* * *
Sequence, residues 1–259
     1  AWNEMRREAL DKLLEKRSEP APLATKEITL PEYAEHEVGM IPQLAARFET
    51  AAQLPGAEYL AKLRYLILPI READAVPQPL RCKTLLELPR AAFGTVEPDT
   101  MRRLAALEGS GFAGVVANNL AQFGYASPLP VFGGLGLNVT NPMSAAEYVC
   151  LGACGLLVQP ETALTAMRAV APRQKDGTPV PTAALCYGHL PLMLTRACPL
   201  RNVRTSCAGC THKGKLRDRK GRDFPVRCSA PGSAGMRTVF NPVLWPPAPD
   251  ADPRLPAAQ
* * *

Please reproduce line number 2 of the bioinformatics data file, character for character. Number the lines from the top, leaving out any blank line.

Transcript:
     1  AWNEMRREAL DKLLEKRSEP APLATKEITL PEYAEHEVGM IPQLAARFET